IN THE BEDROOM
When it comes to the people we care about most deeply, few of us know just what we are capable of, or what we might do in the name of love. In a moment of crisis, what is in an individual's nature? And do they obey that nature or violate it, forever removing themselves from it? Todd Field's IN THE BEDROOM addresses this question with the story of a family in the midst of such a crisis - and an exploration of the extraordinary actions love can mitigate; pushing any one of us to places off the points of our moral compass.
Winner of the Special Jury Prize for Acting at this year's Sundance Film Festival, IN THE BEDROOM won over film festival audiences with its intense realism and peerless performances from a cast that includes Sissy
Spacek, Tom Wilkinson, Marisa Tomei and Nick Stahl. The film is a Miramax release directed by Todd Field, who makes his feature film debut. The screenplay is by Rob Festinger and Todd Field based on a short story by the late Andre
Summer time on the coast of Maine, IN THE BEDROOM centers on the inner dynamics of a family in transition. Matt Fowler (Tom Wilkinson) is a doctor practicing in his native Maine and is married to New York born Ruth Fowler (Sissy
Spacek), a choral music teacher. Their only child, Frank (Nick Stahl), home from school for the summer, is working as a part time lobsterman to earn money for graduate school in the fall. He is involved in a love affair with a local single mother (Marisa
Tomei). As the beauty of Maine's brief and fleeting summer comes to an end, these characters find themselves in the midst of unimaginable tragedy.
IN THE BEDROOM is the directorial debut from multi-talent Todd Field, an accomplished actor who has been seen in such films as Victor Nunez's "Ruby in Paradise" and Stanley Kubrick's "Eyes Wide Shut." Field took inspiration from the work of the celebrated American short story writer Andre
Dubus, who passed away in 1999. Dubus sketched a compassionate, unsentimental portrait of the American soul. Dubus's people perform acts of the most squalid duplicity and stoic, sometimes even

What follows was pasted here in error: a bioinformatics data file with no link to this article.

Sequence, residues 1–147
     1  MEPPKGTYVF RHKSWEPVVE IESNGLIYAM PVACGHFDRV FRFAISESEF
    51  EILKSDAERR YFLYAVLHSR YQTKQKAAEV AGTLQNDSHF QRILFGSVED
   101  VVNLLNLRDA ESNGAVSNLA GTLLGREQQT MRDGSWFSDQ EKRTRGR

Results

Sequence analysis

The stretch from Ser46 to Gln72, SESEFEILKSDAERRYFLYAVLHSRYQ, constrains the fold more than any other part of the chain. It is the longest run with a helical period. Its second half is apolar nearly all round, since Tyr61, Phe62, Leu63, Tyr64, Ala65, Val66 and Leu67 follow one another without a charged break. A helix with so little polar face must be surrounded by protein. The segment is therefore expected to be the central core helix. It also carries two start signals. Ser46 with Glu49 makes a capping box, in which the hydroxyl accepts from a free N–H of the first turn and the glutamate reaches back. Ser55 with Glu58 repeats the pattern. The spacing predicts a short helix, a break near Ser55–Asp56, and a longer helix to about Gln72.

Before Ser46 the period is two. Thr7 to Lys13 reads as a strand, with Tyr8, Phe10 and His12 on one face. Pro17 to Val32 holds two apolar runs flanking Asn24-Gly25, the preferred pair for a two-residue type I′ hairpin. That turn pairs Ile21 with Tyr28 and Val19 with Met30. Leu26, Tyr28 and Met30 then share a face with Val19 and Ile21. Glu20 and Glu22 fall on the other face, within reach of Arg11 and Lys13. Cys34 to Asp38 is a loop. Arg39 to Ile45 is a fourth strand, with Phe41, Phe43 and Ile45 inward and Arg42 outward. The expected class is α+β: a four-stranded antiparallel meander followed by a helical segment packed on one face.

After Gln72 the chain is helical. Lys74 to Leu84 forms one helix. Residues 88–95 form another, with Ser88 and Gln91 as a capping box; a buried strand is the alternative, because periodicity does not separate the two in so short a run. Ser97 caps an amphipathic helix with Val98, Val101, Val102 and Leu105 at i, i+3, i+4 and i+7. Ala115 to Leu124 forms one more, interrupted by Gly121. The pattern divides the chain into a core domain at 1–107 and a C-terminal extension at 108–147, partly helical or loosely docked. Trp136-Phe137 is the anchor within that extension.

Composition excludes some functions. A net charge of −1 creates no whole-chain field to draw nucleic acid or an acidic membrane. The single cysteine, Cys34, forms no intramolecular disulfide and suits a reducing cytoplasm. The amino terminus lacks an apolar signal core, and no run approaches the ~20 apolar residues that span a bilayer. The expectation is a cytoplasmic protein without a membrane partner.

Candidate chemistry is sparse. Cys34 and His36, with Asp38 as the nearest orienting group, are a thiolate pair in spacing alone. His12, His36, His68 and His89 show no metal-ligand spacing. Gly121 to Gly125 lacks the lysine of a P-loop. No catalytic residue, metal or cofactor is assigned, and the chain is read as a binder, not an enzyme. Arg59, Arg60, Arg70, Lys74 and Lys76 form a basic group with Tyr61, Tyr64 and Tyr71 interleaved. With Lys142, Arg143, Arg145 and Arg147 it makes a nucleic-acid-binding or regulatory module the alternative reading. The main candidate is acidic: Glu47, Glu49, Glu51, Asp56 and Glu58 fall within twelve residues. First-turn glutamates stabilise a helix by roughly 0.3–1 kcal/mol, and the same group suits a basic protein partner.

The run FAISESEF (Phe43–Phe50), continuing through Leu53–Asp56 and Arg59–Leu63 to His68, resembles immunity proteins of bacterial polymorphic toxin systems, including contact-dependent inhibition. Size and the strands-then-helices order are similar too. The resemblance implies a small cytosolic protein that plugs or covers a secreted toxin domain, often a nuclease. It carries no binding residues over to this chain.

heroic, decency — whether at a roadside bar, or a family camp, in the everyday rigors of domesticity or its violent extremes, their lives unfold with an inevitability that is moving, sometimes redemptive and always surprising.
To bring the story alive, Field knew he would need a cast that could make the Fowlers seem as palpably real as Dubus's characters. At the core of the tale is the upended marriage of the Fowler parents: Matt and Ruth, played by Tom Wilkinson and Sissy
Spacek. These emotionally charged performances that pendulum from blissful to devastated to resolved- performances that often must say volumes in moments of terse silence.
Spacek was immediately drawn to the story's inherent suspense and emotional fireworks. "Here was this beautiful script with beautifully drawn characters that kept taking totally unexpected twists and turns," she says. "I couldn't put it down. It reminded me so much of the way life really is sometimes where everything's going along in an ordinary way and two seconds later, you're spinning out of control. That's what happens to the Fowlers, but they're so much like the people we know and the people we are, that it really shakes you up.
The actress also felt herself compelled by the complexities of Ruth Fowler, a quiet, controlled woman whose moorings are suddenly cut out from under her. "Ruth is a woman who might love music, but her real career in life has been raising her son," she explains. "I think it's easy to question her actions in hindsight, but, like most mothers, the thing that Ruth most wants is to protect her son from making mistakes in his life."
Spacek found that the story of the Fowlers remained continually fresh during production because the questions raised by their story could never quite
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